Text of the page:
With its striped surface and impressive plumes, Saturn’s bright little moon Enceladus is a dynamic place to search for life.
Like Europa, Enceladus is also an icy world with a global ocean beneath its crust, scientists believe. But Europa’s gravity keeps its plumes closer to the surface, while Enceladus’ plumes rise in massive columns that continuously generate a field of ice particles around the moon and even contribute to one of the rings of Saturn.
Observing Saturn in 2005, the Cassini spacecraft spotted plumes of icy water and gas exploding at 800 miles per hour (1,287.5 kilometers per hour) through hot cracks in the ice crust, called “scratches”. of a tiger”.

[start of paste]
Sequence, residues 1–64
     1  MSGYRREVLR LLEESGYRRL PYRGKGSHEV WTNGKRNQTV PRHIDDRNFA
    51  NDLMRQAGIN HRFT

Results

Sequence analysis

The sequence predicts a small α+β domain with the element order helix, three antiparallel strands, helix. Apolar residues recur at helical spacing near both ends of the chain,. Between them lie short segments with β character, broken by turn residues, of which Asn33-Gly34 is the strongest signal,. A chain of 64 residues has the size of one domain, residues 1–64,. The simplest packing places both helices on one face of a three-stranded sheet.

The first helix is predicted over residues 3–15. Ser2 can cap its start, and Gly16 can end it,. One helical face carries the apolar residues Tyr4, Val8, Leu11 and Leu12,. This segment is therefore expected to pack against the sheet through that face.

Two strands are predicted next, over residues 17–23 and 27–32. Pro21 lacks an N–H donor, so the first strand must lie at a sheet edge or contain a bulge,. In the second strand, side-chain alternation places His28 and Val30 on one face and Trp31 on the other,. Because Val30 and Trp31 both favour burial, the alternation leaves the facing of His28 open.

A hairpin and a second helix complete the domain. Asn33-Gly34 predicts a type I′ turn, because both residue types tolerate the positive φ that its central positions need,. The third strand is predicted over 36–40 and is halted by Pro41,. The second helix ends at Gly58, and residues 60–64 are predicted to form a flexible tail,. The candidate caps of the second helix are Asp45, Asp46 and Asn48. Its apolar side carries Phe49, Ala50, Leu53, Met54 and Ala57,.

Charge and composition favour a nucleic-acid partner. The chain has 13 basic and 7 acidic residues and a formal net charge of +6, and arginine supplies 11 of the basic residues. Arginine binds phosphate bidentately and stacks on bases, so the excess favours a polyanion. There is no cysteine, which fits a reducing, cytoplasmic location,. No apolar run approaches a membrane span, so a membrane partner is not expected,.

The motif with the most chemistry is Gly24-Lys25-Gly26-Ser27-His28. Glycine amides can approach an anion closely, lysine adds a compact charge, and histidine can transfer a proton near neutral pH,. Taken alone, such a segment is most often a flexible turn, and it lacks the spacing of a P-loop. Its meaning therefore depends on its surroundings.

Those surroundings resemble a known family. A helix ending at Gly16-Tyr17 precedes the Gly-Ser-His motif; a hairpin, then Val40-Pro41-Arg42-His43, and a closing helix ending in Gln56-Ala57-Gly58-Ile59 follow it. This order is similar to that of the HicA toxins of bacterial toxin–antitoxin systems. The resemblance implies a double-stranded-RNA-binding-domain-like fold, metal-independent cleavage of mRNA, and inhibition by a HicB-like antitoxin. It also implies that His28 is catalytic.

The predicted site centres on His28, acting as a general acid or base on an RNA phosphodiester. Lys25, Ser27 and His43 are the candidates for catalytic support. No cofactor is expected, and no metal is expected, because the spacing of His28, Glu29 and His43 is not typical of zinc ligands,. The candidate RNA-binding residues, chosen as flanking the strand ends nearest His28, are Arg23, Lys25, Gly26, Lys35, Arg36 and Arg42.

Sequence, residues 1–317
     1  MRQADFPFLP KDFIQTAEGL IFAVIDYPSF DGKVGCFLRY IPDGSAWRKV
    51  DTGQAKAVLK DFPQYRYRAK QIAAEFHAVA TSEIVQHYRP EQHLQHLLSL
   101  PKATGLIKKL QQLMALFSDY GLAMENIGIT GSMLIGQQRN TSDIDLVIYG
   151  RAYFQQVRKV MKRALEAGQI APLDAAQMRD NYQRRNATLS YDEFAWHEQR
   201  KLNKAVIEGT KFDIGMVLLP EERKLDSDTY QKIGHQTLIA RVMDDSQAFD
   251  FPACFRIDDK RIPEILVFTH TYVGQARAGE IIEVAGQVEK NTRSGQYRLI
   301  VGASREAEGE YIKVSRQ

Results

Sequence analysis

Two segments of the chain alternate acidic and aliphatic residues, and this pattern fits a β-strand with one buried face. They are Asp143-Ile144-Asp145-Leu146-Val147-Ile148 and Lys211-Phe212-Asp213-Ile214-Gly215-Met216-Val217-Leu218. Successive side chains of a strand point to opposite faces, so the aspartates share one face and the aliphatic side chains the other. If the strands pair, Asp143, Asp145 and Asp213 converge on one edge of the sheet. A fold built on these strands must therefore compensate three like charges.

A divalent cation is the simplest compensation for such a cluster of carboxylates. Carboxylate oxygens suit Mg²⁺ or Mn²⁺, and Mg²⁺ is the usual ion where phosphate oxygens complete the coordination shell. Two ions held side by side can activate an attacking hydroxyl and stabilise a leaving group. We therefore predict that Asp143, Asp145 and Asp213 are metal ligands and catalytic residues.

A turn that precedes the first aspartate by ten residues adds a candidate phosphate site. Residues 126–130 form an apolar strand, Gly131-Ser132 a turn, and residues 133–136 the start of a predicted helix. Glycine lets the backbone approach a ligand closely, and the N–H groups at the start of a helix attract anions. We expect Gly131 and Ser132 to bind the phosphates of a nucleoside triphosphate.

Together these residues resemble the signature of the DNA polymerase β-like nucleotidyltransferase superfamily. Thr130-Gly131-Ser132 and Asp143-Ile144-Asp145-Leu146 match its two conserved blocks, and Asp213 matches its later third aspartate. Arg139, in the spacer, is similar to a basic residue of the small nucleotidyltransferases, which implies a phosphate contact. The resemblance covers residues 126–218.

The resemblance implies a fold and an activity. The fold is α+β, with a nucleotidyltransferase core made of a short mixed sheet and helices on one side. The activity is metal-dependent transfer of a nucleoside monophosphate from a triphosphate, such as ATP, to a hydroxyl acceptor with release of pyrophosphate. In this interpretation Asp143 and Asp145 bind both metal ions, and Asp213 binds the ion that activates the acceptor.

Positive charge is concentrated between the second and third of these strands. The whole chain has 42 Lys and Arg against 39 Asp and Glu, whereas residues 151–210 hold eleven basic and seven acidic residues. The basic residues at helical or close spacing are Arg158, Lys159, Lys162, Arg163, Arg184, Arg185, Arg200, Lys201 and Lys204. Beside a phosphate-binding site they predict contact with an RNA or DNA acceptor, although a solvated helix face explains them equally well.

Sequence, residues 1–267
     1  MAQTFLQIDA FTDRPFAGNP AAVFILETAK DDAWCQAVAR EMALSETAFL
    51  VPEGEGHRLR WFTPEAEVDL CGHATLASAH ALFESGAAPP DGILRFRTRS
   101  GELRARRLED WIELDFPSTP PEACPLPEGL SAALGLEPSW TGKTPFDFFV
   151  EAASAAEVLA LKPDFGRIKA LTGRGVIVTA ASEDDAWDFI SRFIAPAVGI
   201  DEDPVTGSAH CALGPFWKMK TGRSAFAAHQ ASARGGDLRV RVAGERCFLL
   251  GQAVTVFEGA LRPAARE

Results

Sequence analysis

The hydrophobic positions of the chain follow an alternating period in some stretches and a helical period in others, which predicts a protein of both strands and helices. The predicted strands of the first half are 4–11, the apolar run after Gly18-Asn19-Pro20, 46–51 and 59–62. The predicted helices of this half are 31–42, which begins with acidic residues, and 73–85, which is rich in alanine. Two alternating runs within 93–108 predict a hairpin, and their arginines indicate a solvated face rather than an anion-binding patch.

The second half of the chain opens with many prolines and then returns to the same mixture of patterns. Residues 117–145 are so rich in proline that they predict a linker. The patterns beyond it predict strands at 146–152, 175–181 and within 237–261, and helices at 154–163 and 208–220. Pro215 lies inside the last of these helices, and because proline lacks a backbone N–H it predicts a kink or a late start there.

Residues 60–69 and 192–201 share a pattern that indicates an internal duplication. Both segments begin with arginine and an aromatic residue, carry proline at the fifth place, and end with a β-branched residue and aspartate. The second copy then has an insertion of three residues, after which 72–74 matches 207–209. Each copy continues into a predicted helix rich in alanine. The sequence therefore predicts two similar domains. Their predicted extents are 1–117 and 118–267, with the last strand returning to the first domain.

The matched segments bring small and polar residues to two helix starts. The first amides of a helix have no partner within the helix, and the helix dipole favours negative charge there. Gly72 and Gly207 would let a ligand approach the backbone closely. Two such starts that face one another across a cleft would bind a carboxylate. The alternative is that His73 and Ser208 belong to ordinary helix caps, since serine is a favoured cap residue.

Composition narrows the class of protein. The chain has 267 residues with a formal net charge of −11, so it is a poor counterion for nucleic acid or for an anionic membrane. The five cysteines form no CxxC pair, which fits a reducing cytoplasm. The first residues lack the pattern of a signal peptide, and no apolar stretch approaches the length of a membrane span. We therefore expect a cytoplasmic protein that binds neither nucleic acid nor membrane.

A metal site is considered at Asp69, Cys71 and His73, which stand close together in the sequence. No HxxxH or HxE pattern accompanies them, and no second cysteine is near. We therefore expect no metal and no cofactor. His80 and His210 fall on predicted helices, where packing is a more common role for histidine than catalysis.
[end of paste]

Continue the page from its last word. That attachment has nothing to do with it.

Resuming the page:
The detection of molecular hydrogen in one of Enceladus’ plumes was one of the highlights of Cassini’s closest flyby of the moon in 2015. According to scientists, molecular hydrogen forms as a result of the interaction between water and rocks when in a hydrothermal environment.
Earlier detection of complex organic molecules in the plumes further suggested that the moon could support life as we know it. Enceladus probably has hydrothermal vents that expel hot, mineral-rich water into the subterranean ocean.
Amino acids are the building blocks of life. Organic compounds are the byproduct of the reactions that create amino acids. In Earth’s oceans, vents on the ocean floor create ideal conditions for these reactions to occur. Researchers believe this same process could be taking place on Enceldaus.
Measurements of methane, molecular hydrogen and carbon dioxide in the global ocean show that this body of water has the chemical energy for microbes to produce methane – if there are any microbes.